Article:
Let’s Rethink National Defense: War Department or Peace Department?

We Need New Thinking for the New Threats That Lie Ahead

© 2020 Karl Albrecht. Adapted from Blueprint For a New America, pp. 121+

Reading Time: 3 minutes

“Every gun that is made, every warship launched,
 every rocket fired signifies, in the final sense,
 a theft from those who hunger and are not fed,
 those who are cold and are not clothed.
 This world in arms is not spending money alone.
 It is spending the sweat of its laborers, the genius of its scientists, the hopes of its children.”
—Dwight Eisenhower
Five-Star General, US President

Let’s take a mega-factual perspective on the military state of the planet. Then we’ll proceed to explore some of the mega-issues and mega-opportunities.

The Pentagon, the largest building in the world, serves as the headquarters for the entire US military establishment. The iconic five-sided building, built during WW2, has five concentric rings of offices arranged around a central courtyard. With seven floors and over 6 million square feet of work space, it houses more than 25,000 workers. It has all of the functions, activities, and logistical systems of a small city.

About two million active duty personnel and some 700,000 civilian employees make up the Defense Department’s work force.

As of this writing, the US operates about 800 military “sites” in 70 countries. They range from tiny outposts to giant bases the size of complete cities.

At home, all 50 US states, special territories, and protectorates have multiple military bases of various sizes and for various purposes.
Overseas, we have some 0 so-called named bases with significant operations.

We have about 50,000 active-duty military personnel stationed at more than a dozen bases in Japan, along with about 40,000 family members and about 5,000 American civilian employees.We have about 30,000 military personnel in South Korea, at more than a dozen bases, with equivalent numbers of dependents and civilian workers.

As of this writing, we still operate bases in Iraq. Military operations in Afghanistan continue—after 19 years—with several thousand combat troops there.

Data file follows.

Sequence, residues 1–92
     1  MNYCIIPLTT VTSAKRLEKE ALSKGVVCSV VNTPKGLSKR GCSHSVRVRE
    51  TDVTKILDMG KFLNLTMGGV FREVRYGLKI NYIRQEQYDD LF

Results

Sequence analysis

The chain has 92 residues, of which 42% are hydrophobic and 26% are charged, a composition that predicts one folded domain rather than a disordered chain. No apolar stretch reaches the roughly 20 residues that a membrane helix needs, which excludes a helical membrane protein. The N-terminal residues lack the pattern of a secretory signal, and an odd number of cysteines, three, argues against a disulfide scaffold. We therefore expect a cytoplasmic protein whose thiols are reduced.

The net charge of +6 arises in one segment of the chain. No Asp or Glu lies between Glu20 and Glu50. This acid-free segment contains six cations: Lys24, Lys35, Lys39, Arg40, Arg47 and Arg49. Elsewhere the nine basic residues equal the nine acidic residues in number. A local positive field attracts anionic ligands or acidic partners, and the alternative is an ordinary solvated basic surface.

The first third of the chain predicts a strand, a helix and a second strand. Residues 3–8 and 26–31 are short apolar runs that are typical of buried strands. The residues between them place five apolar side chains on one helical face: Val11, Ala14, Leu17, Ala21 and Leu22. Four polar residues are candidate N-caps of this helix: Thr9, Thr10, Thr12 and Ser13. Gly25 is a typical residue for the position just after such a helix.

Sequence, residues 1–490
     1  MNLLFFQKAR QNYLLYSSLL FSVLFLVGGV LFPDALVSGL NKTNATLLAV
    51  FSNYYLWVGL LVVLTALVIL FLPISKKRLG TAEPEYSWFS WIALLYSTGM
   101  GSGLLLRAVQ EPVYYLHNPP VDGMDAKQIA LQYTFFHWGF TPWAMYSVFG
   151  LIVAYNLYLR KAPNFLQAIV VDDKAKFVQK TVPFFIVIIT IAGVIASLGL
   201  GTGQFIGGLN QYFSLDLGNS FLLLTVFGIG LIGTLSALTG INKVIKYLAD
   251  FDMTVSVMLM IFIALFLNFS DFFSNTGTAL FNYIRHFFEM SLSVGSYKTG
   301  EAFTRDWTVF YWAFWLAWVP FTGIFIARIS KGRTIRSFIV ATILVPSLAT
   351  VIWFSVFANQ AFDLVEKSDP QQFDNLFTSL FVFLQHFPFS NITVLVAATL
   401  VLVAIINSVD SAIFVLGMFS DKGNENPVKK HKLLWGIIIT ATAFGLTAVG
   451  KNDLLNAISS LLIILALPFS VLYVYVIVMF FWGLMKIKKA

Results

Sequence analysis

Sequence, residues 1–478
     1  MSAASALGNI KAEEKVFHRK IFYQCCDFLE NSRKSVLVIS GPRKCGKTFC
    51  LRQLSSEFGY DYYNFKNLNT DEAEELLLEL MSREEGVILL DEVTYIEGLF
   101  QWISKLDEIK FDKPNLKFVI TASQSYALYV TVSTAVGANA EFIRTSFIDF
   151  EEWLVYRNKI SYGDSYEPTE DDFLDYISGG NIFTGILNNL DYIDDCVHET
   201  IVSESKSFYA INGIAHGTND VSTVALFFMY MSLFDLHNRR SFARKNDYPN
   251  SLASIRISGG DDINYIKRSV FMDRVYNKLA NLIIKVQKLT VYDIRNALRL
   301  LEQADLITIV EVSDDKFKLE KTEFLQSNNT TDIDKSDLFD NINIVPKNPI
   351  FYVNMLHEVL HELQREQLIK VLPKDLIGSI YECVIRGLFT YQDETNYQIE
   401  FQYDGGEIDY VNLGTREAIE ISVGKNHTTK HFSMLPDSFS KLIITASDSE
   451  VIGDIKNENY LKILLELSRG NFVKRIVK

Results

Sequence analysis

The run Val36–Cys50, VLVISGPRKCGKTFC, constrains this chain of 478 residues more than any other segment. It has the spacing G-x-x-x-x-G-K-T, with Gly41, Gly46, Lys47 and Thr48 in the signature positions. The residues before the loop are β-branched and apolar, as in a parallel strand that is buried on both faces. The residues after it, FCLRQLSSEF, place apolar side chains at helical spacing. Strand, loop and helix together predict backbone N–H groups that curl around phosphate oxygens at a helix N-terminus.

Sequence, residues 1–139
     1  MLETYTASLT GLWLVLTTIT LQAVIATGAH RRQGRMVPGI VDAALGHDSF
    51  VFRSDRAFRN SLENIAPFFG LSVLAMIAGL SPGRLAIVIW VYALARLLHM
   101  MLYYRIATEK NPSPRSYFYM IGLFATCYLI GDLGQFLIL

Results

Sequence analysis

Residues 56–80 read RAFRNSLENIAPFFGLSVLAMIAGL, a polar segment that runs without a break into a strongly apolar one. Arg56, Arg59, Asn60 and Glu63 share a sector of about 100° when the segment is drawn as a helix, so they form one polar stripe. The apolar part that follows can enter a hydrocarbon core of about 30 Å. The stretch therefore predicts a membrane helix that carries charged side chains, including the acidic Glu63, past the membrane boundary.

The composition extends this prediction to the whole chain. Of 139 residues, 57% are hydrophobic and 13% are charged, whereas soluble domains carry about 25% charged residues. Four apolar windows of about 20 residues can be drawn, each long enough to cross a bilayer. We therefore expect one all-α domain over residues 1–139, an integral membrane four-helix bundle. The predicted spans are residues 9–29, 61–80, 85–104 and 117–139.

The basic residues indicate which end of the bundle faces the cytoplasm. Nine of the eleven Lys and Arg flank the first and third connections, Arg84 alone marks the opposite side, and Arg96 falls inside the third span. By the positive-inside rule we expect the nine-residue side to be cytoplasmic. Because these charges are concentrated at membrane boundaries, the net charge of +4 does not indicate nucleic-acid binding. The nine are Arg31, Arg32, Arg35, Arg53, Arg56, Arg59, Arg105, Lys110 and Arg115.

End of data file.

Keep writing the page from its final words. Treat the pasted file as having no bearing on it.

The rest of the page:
We also operate a Navy and Marine base on the southeastern tip of the island of Cuba—Guantanamo Bay—a peculiar legacy of the Spanish-American War. The US took control of “Gitmo” and established a naval base and coaling station there in 1898 as part of the peace agreement that ended the Spanish-American war.

The UK, France, Russia, China, and various small military powers have a total of about 40 overseas bases.

Recent figures put the number of military aircraft owned and operated by the US at about 13,000. Russia has an estimated 2,000–3,000 planes. China has roughly the same.

Similar estimates indicate that the US Navy has about 300 ships of all kinds, including carriers, destroyers, specialized support ships, and submarines, with about 100 more in development or planning stages. China has more ships than the US, while the Russian navy has a much smaller fleet.

The Defense Department operates a system of universities that train military officers. The four service academies—the Army’s Academy at West Point, New York; the Naval Academy at Annapolis, Maryland; the Air Force Academy at Colorado Springs, Colorado; and the Coast Guard Academy at New London, Connecticut—operate as fully accredited colleges, granting degrees while preparing future officers for their careers.

Money Makes the War Go Around: the Two-Percent Addiction

In the brief summary above, we’ve looked at the physical dimensions of warfare. But to understand the current strategic situation, we need to shift the focus of our thinking, especially about both Russia and China, from the military dimension to the economic dimension.

Every war ultimately comes down to a contest between two economies. One side might have smarter commanders, and luck often plays its part, but in the long run the stronger economy usually prevails.

In the US Civil War, for example, the southern Confederacy just couldn’t match the resources controlled by the established government—the Union. The South’s fragile economy, based mostly on cotton and tobacco, stood against a stronger, more broadly based Northern economy and a military machine that took advantage of better weapons, a more extensive railroad system, and the new technology of the telegraph.

In the early days of the two World Wars, the attackers— Germany and the Ottoman Empire in WW1; and Germany, Italy, and Japan in WW2—seemed to have seized the permanent advantage. But as the war dragged on, the combined resources of the Allies finally overpowered them.

If we want to rethink the role of military operations in the future of the Republic, we can analyze the various options and their costs in the cold, hard logic of return on investment. We face two questions: 1) how much peace of mind can we buy for any given level of military investment; and 2) how much will we consider enough?

Continued on page 124 . . .

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